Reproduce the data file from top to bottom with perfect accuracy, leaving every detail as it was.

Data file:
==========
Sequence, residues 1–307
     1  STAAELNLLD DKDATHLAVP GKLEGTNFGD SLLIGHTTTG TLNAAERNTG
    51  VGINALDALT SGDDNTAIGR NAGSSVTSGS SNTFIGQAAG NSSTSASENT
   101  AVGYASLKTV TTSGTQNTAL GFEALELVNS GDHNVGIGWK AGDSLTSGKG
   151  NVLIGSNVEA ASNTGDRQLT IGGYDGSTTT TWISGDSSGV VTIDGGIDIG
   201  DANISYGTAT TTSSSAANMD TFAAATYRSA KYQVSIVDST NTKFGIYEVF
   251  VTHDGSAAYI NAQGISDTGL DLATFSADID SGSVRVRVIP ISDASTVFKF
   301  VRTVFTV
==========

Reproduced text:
Sequence, residues 1–307
     1  STAAELNLLD DKDATHLAVP GKLEGTNFGD SLLIGHTTTG TLNAAERNTG
    51  VGINALDALT SGDDNTAIGR NAGSSVTSGS SNTFIGQAAG NSSTSASENT
   101  AVGYASLKTV TTSGTQNTAL GFEALELVNS GDHNVGIGWK AGDSLTSGKG
   151  NVLIGSNVEA ASNTGDRQLT IGGYDGSTTT TWISGDSSGV VTIDGGIDIG
   201  DANISYGTAT TTSSSAANMD TFAAATYRSA KYQVSIVDST NTKFGIYEVF
   251  VTHDGSAAYI NAQGISDTGL DLATFSADID SGSVRVRVIP ISDASTVFKF
   301  VRTVFTV